- Complex Numbers Made Easy
- Properties of Mods and Args
- Properties of Conjugates
- Curves and Regions in the Argand Diagram
- Interactive Complex Arguments
- Representation of Complex Numbers by Vectors
- Addition, Subtraction and Multiplication by Vectors
- Some Review Questions
Properties of Mods and ArgsTable of Contents
Properties of ConjugatesTable of Contents
Curves and Regions on the Argand DiagramTable of Contents
You should instantly recognise the following:
You should be able to work out the following by putting z = x + i y in (or by using properties of mods, args, conjugates).
The following are worth knowing also (play with this interactive figure to help!):
Representation of Complex Numbers by VectorsTable of Contents
We know that the complex number z = x + i y may be represented on the Argand diagram in one of two ways:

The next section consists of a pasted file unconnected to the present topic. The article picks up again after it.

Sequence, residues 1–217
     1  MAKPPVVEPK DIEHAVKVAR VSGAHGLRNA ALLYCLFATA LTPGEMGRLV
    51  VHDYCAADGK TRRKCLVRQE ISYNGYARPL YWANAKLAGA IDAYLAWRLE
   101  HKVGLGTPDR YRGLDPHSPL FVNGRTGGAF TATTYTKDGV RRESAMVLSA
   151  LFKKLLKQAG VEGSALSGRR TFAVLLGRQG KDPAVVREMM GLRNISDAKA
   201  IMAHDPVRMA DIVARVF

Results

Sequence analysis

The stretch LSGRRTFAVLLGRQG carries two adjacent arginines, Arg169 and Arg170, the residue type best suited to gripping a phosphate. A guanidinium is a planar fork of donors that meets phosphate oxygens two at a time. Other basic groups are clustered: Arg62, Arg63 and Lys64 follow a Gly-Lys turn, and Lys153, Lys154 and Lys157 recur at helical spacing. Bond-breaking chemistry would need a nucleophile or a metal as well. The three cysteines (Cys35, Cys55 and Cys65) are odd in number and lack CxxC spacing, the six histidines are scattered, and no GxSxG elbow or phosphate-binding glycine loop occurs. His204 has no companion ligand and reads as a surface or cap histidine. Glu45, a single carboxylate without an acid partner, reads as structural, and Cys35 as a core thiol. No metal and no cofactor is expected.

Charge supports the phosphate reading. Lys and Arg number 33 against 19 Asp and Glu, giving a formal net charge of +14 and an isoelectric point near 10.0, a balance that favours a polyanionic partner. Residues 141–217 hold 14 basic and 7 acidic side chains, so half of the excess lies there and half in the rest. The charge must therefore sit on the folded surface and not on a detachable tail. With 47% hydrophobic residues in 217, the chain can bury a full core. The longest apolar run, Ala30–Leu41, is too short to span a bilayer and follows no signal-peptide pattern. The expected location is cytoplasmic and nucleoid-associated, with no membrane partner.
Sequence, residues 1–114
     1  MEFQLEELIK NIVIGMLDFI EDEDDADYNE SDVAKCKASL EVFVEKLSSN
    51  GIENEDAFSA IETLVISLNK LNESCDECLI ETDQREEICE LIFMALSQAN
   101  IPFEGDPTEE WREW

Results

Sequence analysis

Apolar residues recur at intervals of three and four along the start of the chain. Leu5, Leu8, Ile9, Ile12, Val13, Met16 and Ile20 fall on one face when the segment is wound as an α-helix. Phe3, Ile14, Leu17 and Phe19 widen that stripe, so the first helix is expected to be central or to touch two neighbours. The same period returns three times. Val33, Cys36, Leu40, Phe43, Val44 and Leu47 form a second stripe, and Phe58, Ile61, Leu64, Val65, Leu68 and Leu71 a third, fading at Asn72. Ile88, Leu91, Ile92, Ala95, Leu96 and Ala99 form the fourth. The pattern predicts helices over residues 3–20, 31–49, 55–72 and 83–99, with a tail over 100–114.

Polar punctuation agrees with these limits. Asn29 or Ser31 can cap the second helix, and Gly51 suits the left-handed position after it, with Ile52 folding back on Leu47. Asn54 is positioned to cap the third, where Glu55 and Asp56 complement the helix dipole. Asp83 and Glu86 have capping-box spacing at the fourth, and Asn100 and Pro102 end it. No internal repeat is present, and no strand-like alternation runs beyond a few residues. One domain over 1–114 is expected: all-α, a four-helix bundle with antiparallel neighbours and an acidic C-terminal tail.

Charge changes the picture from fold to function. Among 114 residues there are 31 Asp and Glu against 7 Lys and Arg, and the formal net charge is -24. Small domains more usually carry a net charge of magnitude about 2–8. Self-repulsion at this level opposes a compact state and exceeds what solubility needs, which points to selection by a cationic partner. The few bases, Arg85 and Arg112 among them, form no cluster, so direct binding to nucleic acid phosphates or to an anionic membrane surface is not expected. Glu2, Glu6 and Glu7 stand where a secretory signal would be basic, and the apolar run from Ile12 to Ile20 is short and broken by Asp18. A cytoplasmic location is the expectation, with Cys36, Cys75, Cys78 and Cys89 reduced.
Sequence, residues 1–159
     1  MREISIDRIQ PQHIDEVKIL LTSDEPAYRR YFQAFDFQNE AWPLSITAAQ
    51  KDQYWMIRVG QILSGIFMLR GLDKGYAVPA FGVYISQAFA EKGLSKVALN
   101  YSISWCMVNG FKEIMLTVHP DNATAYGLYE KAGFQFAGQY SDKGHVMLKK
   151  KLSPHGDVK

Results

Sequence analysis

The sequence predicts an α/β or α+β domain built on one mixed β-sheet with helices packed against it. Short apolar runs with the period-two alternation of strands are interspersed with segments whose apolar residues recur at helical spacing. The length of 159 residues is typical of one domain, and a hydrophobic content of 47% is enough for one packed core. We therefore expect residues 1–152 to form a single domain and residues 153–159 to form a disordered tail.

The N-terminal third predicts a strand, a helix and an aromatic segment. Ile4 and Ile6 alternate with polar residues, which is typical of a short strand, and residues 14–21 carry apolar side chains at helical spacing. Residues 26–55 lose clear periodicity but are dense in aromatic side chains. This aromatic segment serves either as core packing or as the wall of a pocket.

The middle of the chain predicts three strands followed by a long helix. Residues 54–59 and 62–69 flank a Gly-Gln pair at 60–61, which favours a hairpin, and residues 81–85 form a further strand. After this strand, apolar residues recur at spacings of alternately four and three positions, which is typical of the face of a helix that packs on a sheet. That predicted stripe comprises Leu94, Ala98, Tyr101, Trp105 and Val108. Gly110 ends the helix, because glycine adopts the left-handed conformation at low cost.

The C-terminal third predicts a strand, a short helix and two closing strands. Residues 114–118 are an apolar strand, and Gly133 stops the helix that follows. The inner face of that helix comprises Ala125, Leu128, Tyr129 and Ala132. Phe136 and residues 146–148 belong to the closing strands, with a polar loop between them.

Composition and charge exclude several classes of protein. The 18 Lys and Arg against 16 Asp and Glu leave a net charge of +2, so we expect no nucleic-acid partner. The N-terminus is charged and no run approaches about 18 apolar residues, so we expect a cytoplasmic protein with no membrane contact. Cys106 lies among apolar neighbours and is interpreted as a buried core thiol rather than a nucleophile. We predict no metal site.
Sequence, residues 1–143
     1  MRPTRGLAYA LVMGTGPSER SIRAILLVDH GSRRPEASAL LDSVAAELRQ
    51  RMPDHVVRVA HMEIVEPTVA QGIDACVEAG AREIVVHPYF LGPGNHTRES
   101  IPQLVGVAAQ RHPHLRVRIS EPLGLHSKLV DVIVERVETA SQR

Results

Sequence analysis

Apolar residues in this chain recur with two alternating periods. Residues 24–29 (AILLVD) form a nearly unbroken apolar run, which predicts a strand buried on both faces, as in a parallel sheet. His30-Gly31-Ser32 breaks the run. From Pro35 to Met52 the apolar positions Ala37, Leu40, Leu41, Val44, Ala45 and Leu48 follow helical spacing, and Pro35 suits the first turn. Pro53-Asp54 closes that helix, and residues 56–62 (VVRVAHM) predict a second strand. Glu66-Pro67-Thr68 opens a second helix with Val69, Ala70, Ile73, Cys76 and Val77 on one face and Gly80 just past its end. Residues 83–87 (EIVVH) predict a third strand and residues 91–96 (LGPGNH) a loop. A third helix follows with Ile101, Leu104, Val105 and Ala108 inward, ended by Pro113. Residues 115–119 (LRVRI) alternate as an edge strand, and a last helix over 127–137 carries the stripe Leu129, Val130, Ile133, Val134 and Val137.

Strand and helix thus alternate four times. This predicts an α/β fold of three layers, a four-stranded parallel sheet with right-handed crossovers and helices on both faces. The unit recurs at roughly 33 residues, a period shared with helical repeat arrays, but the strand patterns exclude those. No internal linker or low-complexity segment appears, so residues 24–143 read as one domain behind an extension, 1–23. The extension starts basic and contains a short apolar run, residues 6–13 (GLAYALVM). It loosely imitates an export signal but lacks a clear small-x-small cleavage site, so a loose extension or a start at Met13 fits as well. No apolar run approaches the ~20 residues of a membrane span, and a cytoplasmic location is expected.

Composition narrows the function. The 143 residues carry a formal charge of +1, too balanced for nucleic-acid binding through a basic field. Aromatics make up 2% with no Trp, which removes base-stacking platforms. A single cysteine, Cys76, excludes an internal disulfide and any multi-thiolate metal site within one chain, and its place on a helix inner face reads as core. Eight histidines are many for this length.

- By the point Z with coordinates (x, y).
- By ANY vector whose length equals |z | and whose direction is parallel to OZ.
NB: a complex number z is represented by the length and direction of a vector, and, if the vector begins at O, then its tip will actually be at the point that represents.z.
ADDITION, SUBTRACTION AND MULTIPLICATION BY VECTORSTable of Contents
Table of Contents
• ADDITION by drawing the diagonal of the parallelogram (or by completing the polygon).
• SUBTRACTION: the vector representing z1 - z2 is the vector from the point representing z2 to the point representing z1.
• MULTIPLICATION by a positive real number is represented by a scaling of the vector (with no change in direction).
• MULTIPLICATION by i: the vector representing i z is formed by the rotation of the vector representing z anticlockwise through 90º.
• MULTIPLICATION by a complex number: to multiply z by a complex number z1 involves both a rotation through arg z1 and a scaling by |z |.
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